Seresin Estate: Marlborough Magic
Marlborough's premier producer of biodynamic and organic wines
If you think that all Marlborough wines are the same, then think again. There is a small clutch of producers who are breaking away from the largely formulaic winemaking technique and forging a new style of wine: one which is less forced; a little less paint-by-numbers; and definitely a huge step up in quality. Of these, Seresin Estate is my favourite.
Michael Seresin is the founder of the estate which had its first vintage in Marlborough in 2000. Michael is a New Zealander, originally from Wellington, and has a day job as a Hollywood cinematographer, and one of the best in the business to boot. He is a long-term collaborator of film director Alan Parker, working together on Bugsy Malone and Midnight Express. More recently Michael has worked on Gravity, Harry Potter and Planet of the Apes. And he is a wine nut. It is his passion that drives the quality at Seresin, but he is not the engineer of the success, that is Englishman Clive Dougal, head winemaker. But even then, Clive, like many of the world’s top winemakers, is not a manipulator. Quite the reverse, in fact.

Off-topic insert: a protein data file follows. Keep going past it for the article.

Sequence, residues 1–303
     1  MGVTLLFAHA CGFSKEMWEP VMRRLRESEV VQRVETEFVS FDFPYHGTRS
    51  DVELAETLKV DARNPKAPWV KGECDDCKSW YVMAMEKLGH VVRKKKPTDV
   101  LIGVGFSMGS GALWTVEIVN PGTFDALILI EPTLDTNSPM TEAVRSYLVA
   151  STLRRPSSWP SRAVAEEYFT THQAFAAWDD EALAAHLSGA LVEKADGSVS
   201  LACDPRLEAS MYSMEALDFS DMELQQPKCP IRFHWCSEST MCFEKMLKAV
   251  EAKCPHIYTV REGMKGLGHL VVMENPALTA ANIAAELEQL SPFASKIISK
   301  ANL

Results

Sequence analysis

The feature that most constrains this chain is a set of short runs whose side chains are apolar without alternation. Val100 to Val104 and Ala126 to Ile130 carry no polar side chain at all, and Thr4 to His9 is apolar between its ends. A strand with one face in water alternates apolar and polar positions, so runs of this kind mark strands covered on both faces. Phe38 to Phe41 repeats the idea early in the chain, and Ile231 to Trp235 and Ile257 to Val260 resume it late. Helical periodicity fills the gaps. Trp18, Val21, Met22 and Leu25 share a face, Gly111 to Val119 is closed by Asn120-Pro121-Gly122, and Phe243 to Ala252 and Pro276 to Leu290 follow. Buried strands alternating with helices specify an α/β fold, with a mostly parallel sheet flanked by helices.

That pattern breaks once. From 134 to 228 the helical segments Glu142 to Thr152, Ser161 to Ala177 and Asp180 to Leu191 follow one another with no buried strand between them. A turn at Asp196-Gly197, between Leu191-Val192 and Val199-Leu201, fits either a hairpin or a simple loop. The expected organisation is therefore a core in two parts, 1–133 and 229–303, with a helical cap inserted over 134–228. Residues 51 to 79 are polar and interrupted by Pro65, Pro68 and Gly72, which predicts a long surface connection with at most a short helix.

The wines at Seresin are made with minimal intervention. For example, they are all made with wild yeasts (aromatic yeast is pervasive in Marlborough), and total respect for their environment. All the vineyards are farmed biodynamically, and their level of commitment to the cause is impressive.
Being a Marlborough producer, 70% of what they make is Sauvignon Blanc and there are many variations on the theme made here. Added to that, I think there are now 8 different expressions of Pinot Noir (when I was there in 2015, there was talk of another 2!), and many other varieties including excellent Rieslings with varying levels of sweetness, Chardonnays, Pinot Gris and a Syrah in development.
Michael, like me, is a big fan of Italian wines, and pays homage to the great whites of Friuli with his top white wine, Chiaroscuro, taking inspiration from wines such as Vintage Tunina from Silvio Jermann, inasmuch that it’s a blend of Chardonnay and aromatic varieties. Initially I was unconvinced about this wine: I was sceptical that the top wine of a New World producer should be a blend. And besides, who, apart from those crazy Italians, would blend Chardonnay with Riesling and Pinot Gris? Well in fact, it does work, with knobs on.
Richard Ballantyne MW